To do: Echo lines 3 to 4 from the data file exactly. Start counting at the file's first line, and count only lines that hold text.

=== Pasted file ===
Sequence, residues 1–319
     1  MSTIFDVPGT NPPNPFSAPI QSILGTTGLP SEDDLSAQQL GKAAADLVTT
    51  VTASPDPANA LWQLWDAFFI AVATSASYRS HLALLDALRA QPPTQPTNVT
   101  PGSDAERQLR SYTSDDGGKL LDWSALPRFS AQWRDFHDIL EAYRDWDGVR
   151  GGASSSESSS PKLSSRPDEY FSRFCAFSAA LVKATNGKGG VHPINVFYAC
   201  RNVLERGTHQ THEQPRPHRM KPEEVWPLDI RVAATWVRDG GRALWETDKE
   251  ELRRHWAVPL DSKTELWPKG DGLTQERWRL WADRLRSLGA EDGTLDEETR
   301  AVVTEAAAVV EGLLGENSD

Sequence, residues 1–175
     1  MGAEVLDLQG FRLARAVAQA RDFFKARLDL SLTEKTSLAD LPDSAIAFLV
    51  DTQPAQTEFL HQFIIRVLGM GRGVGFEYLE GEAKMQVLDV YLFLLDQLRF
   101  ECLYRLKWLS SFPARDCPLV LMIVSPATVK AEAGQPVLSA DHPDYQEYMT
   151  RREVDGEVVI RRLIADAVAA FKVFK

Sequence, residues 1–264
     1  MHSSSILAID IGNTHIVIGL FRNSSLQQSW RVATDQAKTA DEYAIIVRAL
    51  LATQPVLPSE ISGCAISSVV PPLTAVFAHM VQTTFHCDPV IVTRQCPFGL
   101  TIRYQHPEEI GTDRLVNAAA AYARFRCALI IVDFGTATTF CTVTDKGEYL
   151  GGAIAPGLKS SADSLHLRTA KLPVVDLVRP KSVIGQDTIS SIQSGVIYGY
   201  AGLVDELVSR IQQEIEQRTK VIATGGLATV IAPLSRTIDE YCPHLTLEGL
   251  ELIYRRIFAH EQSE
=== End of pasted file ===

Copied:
    51  VTASPDPANA LWQLWDAFFI AVATSASYRS HLALLDALRA QPPTQPTNVT
   101  PGSDAERQLR SYTSDDGGKL LDWSALPRFS AQWRDFHDIL EAYRDWDGVR